Is USCG getting serious about buying Chouest icebreaker?

Written by Nick Blenkey
icebreaker M/V Aiviq

M/V Aiviq off Alaska in 2012. [USCG photograph]

With the U.S. Coast Guard’s single active heavy polar icebreaker, Polar Star, reaching the end of its useful service life there have long been proposals floating around that the Coast Guard acquire an interim vessel until the first of its new Polar Security cutters enter service. The most frequently mentioned candidate vessel has been Edison Chouest Offshore’s M/V Aiviq. The Coast Guard’s FY2023 budget request indicates that this idea is now under very active consideration/

While the procurement for the Coast Guard’s first two Polar Security Cutter is fully funded, the service’s proposed FY2023 budget requests $167.2 million in continued procurement funding for the PSC program, which would be used for, among other things, program management and production activities associated with the PSC program’s Detail Design and Construction (DD&C) contract, long leadtime materials (LLTM) for the third PSC, and government-furnished equipment (GFE), logistics, and cyber-security planning costs.


According to a Congressional Research Service report, the Coast Guard’s proposed FY2023 budget also requests $125 million in procurement funding for the purchase of an existing commercially available polar icebreaker that would be used to augment the Coast Guard’s polar icebreaking capacity until the new PSCs enter service.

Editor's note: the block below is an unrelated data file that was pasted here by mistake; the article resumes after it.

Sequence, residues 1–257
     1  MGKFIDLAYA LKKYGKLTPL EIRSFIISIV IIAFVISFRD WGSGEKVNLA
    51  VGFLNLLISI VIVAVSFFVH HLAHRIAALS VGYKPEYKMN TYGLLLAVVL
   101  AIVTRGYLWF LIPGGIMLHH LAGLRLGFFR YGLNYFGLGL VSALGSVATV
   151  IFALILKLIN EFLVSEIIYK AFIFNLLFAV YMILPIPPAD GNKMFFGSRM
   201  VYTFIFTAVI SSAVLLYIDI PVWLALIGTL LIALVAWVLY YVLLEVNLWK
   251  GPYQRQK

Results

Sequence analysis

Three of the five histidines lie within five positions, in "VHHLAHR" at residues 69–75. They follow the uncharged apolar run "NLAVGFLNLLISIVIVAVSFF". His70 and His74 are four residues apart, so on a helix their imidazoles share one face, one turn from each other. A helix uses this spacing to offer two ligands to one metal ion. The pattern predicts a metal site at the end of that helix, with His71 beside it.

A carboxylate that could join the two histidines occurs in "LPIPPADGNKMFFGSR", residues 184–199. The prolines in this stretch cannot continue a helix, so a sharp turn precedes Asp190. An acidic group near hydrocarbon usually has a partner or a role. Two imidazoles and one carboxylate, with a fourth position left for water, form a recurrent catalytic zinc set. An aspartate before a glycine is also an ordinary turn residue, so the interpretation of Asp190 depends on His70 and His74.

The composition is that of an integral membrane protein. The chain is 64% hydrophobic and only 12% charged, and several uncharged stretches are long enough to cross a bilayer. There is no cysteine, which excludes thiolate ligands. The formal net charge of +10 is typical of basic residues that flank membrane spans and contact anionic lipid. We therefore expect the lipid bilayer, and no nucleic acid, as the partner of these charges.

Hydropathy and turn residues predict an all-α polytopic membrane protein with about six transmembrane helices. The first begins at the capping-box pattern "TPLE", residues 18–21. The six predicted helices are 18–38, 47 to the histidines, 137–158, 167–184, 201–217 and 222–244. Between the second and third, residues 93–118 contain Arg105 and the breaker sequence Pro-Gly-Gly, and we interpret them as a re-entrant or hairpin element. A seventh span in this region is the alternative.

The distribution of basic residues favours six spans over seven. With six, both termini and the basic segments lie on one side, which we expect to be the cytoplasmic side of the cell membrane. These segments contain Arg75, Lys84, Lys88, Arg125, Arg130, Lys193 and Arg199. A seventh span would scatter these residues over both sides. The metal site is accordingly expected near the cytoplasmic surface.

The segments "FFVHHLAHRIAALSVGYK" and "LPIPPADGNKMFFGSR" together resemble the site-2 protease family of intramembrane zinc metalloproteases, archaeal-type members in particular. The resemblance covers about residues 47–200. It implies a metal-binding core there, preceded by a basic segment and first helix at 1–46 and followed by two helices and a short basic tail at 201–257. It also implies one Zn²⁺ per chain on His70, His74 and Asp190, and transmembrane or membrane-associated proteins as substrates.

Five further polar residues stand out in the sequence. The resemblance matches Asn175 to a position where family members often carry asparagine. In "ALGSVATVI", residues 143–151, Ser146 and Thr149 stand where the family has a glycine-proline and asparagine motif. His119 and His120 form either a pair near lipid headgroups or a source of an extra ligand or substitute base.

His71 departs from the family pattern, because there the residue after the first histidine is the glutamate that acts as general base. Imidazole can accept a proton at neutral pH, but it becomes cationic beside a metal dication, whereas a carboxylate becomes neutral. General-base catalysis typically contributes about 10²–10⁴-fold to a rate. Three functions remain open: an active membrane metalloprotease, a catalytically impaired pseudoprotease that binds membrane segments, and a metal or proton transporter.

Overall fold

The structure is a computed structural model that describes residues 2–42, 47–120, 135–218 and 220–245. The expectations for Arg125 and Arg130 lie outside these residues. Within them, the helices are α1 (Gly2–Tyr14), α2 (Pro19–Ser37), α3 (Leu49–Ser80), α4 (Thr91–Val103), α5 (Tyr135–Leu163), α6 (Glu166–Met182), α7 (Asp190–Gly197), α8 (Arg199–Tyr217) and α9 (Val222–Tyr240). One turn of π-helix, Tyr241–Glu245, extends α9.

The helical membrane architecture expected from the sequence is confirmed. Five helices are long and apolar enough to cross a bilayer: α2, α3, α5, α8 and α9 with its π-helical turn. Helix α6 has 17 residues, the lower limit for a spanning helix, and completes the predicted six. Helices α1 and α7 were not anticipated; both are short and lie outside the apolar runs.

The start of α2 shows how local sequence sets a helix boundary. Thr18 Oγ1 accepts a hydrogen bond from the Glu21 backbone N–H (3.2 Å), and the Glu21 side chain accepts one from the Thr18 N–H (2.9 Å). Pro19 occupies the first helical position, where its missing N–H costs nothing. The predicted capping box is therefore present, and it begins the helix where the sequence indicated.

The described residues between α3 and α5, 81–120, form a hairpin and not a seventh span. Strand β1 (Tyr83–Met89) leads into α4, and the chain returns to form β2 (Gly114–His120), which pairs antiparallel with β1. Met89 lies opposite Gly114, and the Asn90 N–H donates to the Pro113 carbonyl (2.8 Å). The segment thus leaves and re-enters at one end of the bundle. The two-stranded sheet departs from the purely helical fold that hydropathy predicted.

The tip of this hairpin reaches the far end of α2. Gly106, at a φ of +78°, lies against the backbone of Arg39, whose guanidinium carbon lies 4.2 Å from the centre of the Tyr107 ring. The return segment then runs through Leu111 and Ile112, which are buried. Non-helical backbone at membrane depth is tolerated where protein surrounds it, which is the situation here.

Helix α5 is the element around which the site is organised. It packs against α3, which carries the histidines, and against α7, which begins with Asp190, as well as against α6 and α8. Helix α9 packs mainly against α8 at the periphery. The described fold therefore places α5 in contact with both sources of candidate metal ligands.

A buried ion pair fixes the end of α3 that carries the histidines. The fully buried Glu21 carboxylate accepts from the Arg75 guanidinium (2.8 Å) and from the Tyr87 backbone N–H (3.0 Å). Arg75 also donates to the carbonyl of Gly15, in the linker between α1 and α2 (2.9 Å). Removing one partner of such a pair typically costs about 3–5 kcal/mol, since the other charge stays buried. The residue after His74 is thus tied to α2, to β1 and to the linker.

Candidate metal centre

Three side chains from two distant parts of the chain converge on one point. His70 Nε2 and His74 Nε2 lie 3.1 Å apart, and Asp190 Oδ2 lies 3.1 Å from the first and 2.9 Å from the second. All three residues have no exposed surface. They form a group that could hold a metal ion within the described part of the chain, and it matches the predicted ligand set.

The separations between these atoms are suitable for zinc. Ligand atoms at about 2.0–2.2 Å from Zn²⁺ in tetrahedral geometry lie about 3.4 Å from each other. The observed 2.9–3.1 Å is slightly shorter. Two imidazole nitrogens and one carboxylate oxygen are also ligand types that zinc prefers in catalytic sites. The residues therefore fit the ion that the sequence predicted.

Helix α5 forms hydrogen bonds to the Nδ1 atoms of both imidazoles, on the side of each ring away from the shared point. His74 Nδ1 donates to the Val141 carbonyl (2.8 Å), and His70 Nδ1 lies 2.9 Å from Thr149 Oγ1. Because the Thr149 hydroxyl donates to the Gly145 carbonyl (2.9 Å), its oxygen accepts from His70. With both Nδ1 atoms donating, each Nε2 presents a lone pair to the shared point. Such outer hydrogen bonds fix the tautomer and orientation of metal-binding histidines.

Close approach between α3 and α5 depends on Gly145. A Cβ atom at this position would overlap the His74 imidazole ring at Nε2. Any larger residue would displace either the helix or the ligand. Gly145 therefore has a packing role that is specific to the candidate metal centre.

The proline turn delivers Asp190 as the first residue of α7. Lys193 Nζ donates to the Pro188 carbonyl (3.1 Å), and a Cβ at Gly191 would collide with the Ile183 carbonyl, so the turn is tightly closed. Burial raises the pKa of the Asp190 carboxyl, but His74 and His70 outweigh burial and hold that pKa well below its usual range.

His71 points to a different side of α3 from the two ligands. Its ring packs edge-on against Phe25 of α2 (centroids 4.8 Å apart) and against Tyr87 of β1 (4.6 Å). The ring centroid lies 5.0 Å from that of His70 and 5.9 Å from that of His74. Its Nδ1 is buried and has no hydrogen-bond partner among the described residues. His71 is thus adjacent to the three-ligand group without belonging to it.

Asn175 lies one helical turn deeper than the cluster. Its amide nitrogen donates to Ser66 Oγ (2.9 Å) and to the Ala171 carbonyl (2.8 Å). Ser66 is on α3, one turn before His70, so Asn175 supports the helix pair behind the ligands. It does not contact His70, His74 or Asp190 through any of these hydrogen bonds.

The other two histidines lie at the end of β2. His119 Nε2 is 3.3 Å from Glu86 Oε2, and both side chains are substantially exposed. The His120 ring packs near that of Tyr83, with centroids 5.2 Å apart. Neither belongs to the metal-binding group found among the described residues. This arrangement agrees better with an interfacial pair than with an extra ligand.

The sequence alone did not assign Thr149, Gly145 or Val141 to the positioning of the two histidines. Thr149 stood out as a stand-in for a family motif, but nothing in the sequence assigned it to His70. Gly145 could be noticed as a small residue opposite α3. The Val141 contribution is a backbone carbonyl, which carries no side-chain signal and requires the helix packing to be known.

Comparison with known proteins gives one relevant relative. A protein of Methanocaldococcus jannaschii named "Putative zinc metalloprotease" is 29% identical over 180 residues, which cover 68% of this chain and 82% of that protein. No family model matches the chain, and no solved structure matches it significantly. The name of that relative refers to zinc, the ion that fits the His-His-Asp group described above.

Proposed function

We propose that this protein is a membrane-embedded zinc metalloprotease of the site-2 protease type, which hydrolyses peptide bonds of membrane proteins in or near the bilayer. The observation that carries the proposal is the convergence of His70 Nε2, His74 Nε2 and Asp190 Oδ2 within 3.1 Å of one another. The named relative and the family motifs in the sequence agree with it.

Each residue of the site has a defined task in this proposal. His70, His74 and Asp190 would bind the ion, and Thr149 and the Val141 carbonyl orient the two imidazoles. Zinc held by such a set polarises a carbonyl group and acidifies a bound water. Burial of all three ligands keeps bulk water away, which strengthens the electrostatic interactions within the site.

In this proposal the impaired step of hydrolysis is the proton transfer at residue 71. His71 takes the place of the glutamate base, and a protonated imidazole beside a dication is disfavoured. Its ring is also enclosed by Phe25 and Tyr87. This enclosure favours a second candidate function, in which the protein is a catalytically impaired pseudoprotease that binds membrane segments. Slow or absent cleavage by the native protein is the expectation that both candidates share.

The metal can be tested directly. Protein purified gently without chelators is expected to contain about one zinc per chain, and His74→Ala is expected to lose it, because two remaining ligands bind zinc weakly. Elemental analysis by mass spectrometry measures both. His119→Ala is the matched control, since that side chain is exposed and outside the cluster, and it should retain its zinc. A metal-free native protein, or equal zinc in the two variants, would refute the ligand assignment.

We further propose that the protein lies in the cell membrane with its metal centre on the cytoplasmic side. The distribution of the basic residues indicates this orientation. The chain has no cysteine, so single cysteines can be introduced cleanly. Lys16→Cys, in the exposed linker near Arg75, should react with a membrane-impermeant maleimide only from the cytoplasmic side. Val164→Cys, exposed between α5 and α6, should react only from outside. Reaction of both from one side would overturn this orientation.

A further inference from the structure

Under the Coast Guard’s proposal, the Coast Guard would conduct a full and open competition for the purchase, the commercially available icebreaker that the Coast Guard selects for acquisition would be modified for Coast Guard operations following its acquisition, and the ship would enter service 18 to 24 months after being acquired.”

This sounds much what like what Canada did to get early delivery of a series of intermediate class icebreakers converted from ice class offshore service vessels. The three conversions thus far carried out for Canada were all performed by Davie Shipyards, which had originally made a proposal for the program called Project Resolute.

While the Canadian Government bought into Project Resolute’s proposals for interim intermediate icebreakers, Davie also offered a candidate vessel for conversion to polar icebreaker: Edison Chouest Offshore’s M/V Aiviq.

Here’s how the Chouest vessel was described in the Project Resolute proposal.

“Aiviq was built in 2012 by North American Shipbuilders for use on the Shell Alaska drilling campaign. She is the world’s most powerful, privately-owned icebreaker. With Polar Class 3, this vessel is capable of operatng in the harshest of environments. Built to tow large drilling rigs, M/V Aiviq is perfectly suited as a multpurpose, icebreaking towage and oil spill response vessel.”


On May 3, the U.S. Coast Guard posted a notice saying that it is seeking to identify commercial vessels available for purchase that were constructed at a U.S. shipyard and are capable of operating in or around the Arctic.”

According to the accompanying RFI, the vessels the Coast Guard is looking for should meet the following requirements:

  1. Constructed in a U.S. shipyard.
  2. International Association of Classification Societies (IACS) ice class PC3, equivalent or higher.
  3. Current certificate of classification.
  4. Capable of breaking at least 3 feet of ice ahead at a continuous speed of 3kts.
  5. Capable of underway operation for a minimum of 60 days without resupply.
  6. Maximum draft of 29 feet.
  7. At least 15 years of original design service life remaining.
  8. On-board medical treatment facility.
  9. Ability to land a USCG HH/MH-65 or MH 60T helicopter or equivalent.

Sounds a lot like Aiviq.

Categories: News Tags: , , , , ,